In case of lower demand for electricity companies like the Bulgaria state-owned TPP Martisa East 2, which is one of the main producers, may be affected with damage. They claim earlier their electricity is already uncompetitive. At the moment the regional price is about EUR 40. Excluding grid fees, which are EUR 4, adding capacity costs of EUR 1-2 for the region, leaves about EUR 34-35, which is below the production costs of that power plant. Bulgarian producers are facing serious competition in the region, mostly from Serbia, Hungary and Romania that don’t charge grid fees for exports. By mid-2014 there were such fees in Romania but once they were removed, the competitiveness increased significantly and so did the production and export of electricity.
Some believe the introduction of export fee will increase the incomes in the energy sector. Given the low regional prices, this would rather have the opposite effect. For example TPP Maritsa East 2, even with the present fee it can still not export. Any introduction of fees reduces the competitiveness of Bulgarian electricity, which leads to reduced amounts of exported power and lower revenues from export. The Bulgarian energy system has a huge surplus and the export is important because it has always been an important factor for financial stability in the sector.The potential revenue from export is up to around 511MEUR year and a very small part of that – under 1% remains for traders. The rest is income for the ESO (51MEUR) and the power producers.
It is important to note that the fees are against the EU directive for the establishment of a single power market because that way are created serious territorial divisions between countries and fragmentation of the single European market.
BG government thinks on introducing 5% income tax for all power producers. As a whole the imposition of any tax or fees reduces liquidity and usually deviates the market. Traders have learned from their experience that the less the administrative burden, the better markets work and self-regulate.The producers on the free market will try to include that tax in their sales price because they could hardly compensate the additional expenditure otherwise. If that happens, the prices for consumers on the free market will increase, which will increase the electricity costs for clients on the open market.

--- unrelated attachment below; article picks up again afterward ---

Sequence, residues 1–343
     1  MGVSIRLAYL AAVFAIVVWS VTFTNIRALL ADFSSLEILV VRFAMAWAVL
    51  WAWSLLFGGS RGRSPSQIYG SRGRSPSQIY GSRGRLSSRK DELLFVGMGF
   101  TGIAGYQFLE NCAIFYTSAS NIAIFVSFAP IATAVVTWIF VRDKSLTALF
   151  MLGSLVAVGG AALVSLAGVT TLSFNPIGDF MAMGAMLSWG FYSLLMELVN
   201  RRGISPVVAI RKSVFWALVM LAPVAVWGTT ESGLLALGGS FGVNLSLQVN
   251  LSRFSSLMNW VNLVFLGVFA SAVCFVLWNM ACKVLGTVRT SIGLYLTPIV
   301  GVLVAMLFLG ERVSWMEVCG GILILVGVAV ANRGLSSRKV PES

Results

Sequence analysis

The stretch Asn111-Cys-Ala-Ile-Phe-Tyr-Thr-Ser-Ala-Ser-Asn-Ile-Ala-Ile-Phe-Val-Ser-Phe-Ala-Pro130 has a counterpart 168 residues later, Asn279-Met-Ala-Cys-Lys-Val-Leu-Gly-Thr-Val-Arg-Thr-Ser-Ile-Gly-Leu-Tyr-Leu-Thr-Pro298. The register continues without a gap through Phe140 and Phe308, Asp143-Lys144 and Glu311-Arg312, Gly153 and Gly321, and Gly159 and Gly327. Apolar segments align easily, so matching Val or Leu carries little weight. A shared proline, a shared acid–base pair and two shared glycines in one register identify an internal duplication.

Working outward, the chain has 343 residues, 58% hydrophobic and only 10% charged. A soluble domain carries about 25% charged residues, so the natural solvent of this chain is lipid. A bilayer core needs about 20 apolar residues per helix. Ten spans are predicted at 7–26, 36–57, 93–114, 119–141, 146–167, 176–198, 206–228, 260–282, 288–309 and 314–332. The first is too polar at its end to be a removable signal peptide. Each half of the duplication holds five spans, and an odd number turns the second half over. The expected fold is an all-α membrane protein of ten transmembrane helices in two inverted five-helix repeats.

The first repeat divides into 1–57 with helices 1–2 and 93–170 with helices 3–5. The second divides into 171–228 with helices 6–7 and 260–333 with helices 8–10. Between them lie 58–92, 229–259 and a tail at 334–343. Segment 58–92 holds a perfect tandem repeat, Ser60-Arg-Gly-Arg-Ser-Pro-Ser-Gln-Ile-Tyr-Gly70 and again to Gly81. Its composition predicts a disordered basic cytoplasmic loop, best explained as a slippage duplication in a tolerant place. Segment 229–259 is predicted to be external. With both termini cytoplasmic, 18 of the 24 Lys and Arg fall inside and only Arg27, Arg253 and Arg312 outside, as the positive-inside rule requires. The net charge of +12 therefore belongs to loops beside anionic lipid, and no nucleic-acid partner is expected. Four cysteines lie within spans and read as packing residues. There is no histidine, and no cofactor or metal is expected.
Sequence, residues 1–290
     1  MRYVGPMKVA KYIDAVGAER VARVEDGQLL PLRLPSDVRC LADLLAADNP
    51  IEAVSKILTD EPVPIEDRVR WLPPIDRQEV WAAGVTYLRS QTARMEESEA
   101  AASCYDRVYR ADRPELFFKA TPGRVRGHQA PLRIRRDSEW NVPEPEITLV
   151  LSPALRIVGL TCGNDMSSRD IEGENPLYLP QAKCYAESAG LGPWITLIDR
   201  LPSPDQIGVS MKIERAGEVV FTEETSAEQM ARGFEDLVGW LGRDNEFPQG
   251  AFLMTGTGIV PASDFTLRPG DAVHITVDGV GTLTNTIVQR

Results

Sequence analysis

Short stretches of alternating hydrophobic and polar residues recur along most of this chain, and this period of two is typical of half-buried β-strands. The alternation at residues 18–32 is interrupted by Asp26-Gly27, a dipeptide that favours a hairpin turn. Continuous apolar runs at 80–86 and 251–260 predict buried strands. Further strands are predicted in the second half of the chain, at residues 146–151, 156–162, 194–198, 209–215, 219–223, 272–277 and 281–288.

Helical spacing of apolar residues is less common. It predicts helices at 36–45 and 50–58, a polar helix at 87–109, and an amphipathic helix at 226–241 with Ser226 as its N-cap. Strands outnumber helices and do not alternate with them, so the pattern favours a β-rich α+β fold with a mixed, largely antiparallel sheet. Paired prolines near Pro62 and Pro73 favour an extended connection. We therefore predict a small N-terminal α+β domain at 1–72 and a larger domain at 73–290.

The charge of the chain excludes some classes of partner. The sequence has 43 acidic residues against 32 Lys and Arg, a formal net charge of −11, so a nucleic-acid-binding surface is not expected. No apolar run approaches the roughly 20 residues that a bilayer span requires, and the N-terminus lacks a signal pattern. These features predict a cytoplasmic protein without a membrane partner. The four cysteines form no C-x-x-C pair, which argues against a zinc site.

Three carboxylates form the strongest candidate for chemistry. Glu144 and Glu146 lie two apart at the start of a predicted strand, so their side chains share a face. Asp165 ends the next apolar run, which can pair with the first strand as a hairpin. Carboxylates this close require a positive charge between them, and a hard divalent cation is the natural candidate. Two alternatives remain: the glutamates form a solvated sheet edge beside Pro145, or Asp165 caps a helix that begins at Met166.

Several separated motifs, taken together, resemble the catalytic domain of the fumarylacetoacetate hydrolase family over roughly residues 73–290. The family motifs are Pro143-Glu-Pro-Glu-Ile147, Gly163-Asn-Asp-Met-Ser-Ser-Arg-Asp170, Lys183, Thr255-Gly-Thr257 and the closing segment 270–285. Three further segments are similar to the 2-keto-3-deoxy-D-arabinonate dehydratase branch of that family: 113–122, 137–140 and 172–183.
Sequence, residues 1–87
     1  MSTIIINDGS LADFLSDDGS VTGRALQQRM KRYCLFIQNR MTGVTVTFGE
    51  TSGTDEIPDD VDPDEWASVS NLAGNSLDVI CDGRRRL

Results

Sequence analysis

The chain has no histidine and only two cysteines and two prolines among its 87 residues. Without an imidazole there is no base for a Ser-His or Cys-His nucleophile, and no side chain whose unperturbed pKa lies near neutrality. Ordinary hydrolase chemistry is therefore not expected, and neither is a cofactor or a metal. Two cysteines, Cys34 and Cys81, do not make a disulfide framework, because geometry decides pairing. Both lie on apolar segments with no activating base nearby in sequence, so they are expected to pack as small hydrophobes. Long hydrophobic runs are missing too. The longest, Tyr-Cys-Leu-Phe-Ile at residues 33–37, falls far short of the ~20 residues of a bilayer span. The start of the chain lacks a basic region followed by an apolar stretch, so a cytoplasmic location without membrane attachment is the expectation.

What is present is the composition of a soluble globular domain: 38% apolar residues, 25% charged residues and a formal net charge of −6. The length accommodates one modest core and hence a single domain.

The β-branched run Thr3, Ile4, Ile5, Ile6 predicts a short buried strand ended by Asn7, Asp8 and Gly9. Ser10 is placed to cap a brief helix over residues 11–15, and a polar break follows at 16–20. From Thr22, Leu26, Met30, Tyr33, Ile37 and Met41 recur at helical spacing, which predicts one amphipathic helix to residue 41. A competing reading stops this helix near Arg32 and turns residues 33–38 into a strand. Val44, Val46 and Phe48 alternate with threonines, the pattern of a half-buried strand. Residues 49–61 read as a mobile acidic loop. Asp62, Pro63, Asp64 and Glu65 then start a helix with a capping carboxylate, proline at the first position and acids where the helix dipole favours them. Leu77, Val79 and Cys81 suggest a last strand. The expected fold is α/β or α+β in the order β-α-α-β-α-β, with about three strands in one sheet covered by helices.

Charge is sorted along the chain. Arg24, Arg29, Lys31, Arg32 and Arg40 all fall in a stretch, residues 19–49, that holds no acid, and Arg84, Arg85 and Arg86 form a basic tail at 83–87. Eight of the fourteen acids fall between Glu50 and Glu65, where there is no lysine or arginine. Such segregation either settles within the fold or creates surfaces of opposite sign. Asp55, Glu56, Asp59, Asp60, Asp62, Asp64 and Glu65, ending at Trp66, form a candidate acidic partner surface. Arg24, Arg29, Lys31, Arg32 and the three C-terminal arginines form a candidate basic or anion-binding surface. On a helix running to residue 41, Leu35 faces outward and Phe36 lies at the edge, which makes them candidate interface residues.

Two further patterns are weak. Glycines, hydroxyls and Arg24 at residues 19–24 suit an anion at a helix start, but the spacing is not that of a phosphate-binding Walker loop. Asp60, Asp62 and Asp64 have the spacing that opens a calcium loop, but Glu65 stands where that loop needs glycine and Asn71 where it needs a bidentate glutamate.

At the end of the year the power exchange is supposed to start operating. However traders complain on the transparency of the exchange creation. The information that is being published isn’t enough for traders to have a good assessment of what they should expect from the exchange. For example, one of the discussed ideas foresees making the exchange mandatory and letting all the energy made be traded there. This experiment was carried out about a year and a half ago in Romania and caused the market to block completely and proved to be a wrong model, which was changed after that.
Traders say that they fully support the establishment of the exchange but the participation in it must be a voluntary choice and an addition to bilateral contracts. This is the model in all developed countries. On well developed power exchanges is traded 10% more electricity. It is an additional trade channel that functions along with bilateral contracts. At the moment daily positions are cleared on foreign exchanges, which causes significant operational difficulties and additional expenditure.
Market powers tend to regulate the market ever more. Now all producers sell through auctions and online platforms that can be accessed by all interested parties. The tenders are public for the participants and the results of the bidding are published after the auction. , transmits Serbia-energy.eu